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Essays From 2017 Every Desi Woman Needs To Read

Make yourself a cup of chai and enjoy these funny, poignant, empowering, and sometimes straight-up terrifying reads.

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1. Ladies, The Fear Of “Ending Up Alone” Is A Silly Reason To Marry In Your Twenties

Excerpt: "I’m sure there are plenty more women like me whose ambitions and interests keep them occupied and happy. So why the hell aren’t we growing up with stories of amazing unmarried men and women who’ve lived perfectly satisfied lives following their dreams and not platinum wedding bands? Why does everybody make marriage sound like the end of all unhappiness?"Written by Rukun Kaul.
Sian Butcher / BuzzFeed

Excerpt: "I’m sure there are plenty more women like me whose ambitions and interests keep them occupied and happy. So why the hell aren’t we growing up with stories of amazing unmarried men and women who’ve lived perfectly satisfied lives following their dreams and not platinum wedding bands? Why does everybody make marriage sound like the end of all unhappiness?"

Written by Rukun Kaul.

2. The Selfless Indian Woman Is Tired, Angry And Wants You To Do Your Own Damn Work

Excerpt: "When I tell older people 'I don’t want to get married right now,” or “I’m not planning on having children,' they look at me in complete disbelief. I try to explain my reasoning, but they cut me off with 'That’s selfish. Don’t you think your parents want to see their grandchildren?'Selfish. It’s a word that is weaponised against Indian women in a variety of ways; a word that I instinctively flinch from."Written by Priya Alika Elias.
Tim Lane / Getty / BuzzFeed

Excerpt: "When I tell older people 'I don’t want to get married right now,” or “I’m not planning on having children,' they look at me in complete disbelief. I try to explain my reasoning, but they cut me off with 'That’s selfish. Don’t you think your parents want to see their grandchildren?'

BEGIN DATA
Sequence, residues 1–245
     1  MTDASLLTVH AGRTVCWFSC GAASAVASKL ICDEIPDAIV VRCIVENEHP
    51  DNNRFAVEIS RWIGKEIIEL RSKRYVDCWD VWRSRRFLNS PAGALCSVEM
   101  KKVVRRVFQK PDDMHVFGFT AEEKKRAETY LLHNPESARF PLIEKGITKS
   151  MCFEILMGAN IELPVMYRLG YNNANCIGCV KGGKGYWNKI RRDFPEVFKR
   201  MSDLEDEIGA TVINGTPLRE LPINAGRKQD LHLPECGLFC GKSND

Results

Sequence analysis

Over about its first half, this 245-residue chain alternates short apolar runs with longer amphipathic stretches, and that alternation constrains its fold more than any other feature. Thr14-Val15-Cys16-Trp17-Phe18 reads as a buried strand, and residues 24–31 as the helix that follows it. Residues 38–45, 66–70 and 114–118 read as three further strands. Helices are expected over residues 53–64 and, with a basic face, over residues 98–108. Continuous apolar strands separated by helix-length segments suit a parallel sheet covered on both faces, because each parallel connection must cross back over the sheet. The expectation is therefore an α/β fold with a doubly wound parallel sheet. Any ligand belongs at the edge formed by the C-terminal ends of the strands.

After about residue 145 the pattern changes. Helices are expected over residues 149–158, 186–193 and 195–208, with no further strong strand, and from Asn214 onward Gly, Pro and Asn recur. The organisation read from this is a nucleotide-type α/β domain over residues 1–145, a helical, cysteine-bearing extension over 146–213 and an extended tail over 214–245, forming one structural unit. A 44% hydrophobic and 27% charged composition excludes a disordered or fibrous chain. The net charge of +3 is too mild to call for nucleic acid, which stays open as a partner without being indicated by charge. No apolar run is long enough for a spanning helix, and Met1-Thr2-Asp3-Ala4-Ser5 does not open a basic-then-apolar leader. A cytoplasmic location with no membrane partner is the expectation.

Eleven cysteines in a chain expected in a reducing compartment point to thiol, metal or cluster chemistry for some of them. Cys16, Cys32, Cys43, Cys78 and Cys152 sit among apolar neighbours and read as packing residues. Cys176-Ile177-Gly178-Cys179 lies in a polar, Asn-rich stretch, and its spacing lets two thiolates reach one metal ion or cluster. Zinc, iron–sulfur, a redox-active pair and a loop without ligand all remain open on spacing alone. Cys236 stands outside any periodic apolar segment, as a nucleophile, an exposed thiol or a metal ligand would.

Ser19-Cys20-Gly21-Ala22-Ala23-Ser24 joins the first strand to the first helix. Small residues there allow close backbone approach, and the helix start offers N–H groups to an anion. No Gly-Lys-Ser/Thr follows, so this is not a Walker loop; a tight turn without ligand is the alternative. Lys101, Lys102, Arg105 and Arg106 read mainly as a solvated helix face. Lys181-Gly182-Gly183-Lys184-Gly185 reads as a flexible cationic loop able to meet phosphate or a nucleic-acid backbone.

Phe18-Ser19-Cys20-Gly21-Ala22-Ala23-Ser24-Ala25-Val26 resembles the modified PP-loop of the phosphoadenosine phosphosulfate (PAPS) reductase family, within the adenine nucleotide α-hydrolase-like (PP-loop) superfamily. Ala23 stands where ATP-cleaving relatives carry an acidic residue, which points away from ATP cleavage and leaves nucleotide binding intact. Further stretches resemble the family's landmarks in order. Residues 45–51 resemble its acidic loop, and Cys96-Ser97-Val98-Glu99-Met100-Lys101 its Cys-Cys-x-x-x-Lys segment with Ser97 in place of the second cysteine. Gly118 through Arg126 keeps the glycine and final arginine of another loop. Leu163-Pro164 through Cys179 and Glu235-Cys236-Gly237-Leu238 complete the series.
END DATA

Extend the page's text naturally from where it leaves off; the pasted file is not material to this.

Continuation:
Selfish. It’s a word that is weaponised against Indian women in a variety of ways; a word that I instinctively flinch from."

Written by Priya Alika Elias.

3. Rishi Kapoor: The Casteist, Khandaani, Besharam Boy Of Bollywood

Excerpt: "Rishi Kapoor couldn’t stand me, a girl with “fighting against caste” in her bio and Ambedkar in her cover photo, pointing out how unmeritorious him and his khandaan have actually been.Because his khandaani privilege, held up by the false and fragile narrative of merit that he keeps pushing in his tweets, is what made him an erstwhile king of the orthodox village called Bollywood."Written by Shivani Channan.
Twitter

Excerpt: "Rishi Kapoor couldn’t stand me, a girl with “fighting against caste” in her bio and Ambedkar in her cover photo, pointing out how unmeritorious him and his khandaan have actually been.

Because his khandaani privilege, held up by the false and fragile narrative of merit that he keeps pushing in his tweets, is what made him an erstwhile king of the orthodox village called Bollywood."

Written by Shivani Channan.

4. Indian Parents Aren't Raising Their Sons Right, And It's Endangering India's Women

Excerpt: "It could be, if Indian boys were raised with even half as much deliberation as daughters in India are subject to. Half as much instruction, restriction, caution. But the freedoms in an Indian boy’s upbringing are absolute. Since sexual assault isn’t seriously considered a daily threat to boys, it isn’t even brought up."Written by Rega Jha.
Str / AFP / Getty Images